With guest co-blogger Nikhil Prachand, Director of HIV/STI Surveillance at Chicago Department of Public Health
The HIV epidemic in our nation is rapidly becoming concentrated among poor, young black and Hispanic men who have sex with men. In Chicago, there are over 25,000 people living with HIV. Approximately 1,000 people are newly diagnosed every year. There are over 50 neighborhoods in which more than 2% of the population is living with the disease.
We are, however, at an opportune time in the course of the epidemic. New one pill-once a day regimens are safer and more effective than ever. Pre-exposure prophylaxis holds great promise. And results from recent randomized controlled trials have shown that sustained viral suppression is not only beneficial for the individual in care but can virtually eliminate new transmission in the community.
The successes of biomedical interventions, however, depend on the successes of some old-fashioned tenets of public health. Efforts to improve screening rates, access to quality care and adherence to medication require a roadmap built on strong partnerships. In Chicago, this effort is led by the Chicago Department of Public Health (CDPH) and its roadmap, the HIV care continuum —sometimes referred to as the HIV treatment cascade. The continuum is a new visual tool that is being developed and utilized by many Federal, State and Local agencies to identify issues and opportunities related to improving the delivery of services to people living with HIV across the entire continuum of care. There are four main stages of engagement:
- Getting linked to care—Once a person knows they are infected with the HIV virus, it is important to be promptly connected to an HIV healthcare provider.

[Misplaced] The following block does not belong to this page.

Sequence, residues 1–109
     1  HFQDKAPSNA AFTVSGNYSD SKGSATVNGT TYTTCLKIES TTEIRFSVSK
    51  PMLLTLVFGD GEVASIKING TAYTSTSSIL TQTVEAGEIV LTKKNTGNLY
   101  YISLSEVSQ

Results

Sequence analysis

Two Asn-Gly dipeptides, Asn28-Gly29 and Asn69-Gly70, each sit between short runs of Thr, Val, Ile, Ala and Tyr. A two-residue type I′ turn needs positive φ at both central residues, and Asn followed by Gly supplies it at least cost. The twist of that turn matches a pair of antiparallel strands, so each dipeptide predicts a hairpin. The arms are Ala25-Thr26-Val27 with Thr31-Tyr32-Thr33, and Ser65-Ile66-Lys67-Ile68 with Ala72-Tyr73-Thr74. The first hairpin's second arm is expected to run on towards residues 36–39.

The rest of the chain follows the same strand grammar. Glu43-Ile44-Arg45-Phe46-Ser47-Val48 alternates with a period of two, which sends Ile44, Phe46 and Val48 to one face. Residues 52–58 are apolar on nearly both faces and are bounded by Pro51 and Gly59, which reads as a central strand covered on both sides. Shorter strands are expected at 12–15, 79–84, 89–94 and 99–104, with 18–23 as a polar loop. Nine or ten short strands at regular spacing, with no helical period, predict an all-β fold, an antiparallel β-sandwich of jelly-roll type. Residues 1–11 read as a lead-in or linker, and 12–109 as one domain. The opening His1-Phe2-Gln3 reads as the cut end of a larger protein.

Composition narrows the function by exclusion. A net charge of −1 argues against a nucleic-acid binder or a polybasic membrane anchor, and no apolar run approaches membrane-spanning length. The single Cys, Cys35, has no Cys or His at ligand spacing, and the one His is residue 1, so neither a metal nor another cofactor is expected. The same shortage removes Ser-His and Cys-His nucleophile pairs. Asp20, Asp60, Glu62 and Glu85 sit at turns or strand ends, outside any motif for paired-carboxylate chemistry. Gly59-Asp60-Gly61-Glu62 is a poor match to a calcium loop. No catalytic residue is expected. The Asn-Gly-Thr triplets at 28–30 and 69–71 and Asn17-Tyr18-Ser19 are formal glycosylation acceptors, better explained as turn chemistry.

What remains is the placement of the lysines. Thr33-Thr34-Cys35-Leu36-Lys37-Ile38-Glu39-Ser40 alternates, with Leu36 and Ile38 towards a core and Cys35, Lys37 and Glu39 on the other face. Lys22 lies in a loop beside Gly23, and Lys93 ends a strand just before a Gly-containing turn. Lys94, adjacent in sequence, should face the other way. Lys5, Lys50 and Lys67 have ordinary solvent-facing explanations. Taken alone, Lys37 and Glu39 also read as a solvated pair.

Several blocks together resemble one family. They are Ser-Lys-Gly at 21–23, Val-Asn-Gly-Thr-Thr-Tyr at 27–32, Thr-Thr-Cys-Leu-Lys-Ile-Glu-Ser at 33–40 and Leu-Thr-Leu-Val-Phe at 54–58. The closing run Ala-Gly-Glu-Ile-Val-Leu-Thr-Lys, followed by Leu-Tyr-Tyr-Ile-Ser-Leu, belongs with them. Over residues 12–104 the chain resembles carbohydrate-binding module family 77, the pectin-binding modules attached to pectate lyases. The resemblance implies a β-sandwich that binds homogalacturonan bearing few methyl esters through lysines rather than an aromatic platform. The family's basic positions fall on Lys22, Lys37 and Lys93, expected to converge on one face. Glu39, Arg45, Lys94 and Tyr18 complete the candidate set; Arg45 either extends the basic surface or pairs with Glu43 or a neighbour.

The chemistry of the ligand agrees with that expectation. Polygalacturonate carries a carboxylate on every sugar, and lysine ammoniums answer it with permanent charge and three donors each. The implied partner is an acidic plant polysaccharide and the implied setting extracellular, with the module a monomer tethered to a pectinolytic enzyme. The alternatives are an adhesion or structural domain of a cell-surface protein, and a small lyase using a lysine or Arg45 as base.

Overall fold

- Staying in care—Because there is no cure for HIV at this time, treatment is a lifelong process.
- Getting antiretroviral therapy— Antiretroviral therapy (ART) is the recommended treatment for HIV infection. It involves uses using a combination of three or more antiretroviral drugs from at least two different HIV drug classes every day to control the virus.
- Achieving a low amount of HIV virus in your body—By taking ART regularly, a person can achieve viral suppression, meaning a very low level of HIV in your blood.
By monitoring the continuum, CDPH and its partners are proactively able to identify gaps at each stage of engagement and support the development of innovative programs and interventions to address these gaps. CDPH is developing the use of predictive analytics to pinpoint individuals likely to need linkage to care support, a mobile data collection platform for partner investigations and mobile health technology to promote adherence to appointments and medications.
Expanding access to new and existing data and continuing innovations in its use have made much of these recent successes possible. Major changes to disease reporting regulations were required to ensure community medical providers and testing laboratories were providing sufficient and accurate data to track progress along the continuum . The local HIV planning body, known as the Chicago Area HIV Integrated Services Council (CAHISC) is informing priority setting and resource allocation for care. This body was recently reorganized into three steering committees whose objectives aligned with the four stages of the continuum.
Other examples include the use of standard laboratory reports received by the health department’s HIV surveillance program as markers of HIV care and analyzing them to identify individuals who either never linked to care after diagnosis or who fell out of HIV medical care and need to be re-engaged. The CDPH ‘Bridgeworker’ program utilizes these lists of individuals to visit them at their home and assist them with getting into HIV care. The program is ongoing at CDPH HIV primary care clinics and will soon be available to community HIV care providers citywide.
If we are ever going to witness a truly AIDS-free generation, it will be requisite that the tools and resources available to local and state health departments continue to be integrated with the expertise of the existing HIV prevention community and the innovative use of data and other emerging technologies as they become available.
Jay Bhatt is is part of the GovLoop Featured Blogger program, where we feature blog posts by government voices from all across the country (and world!). To see more Featured Blogger posts, click here.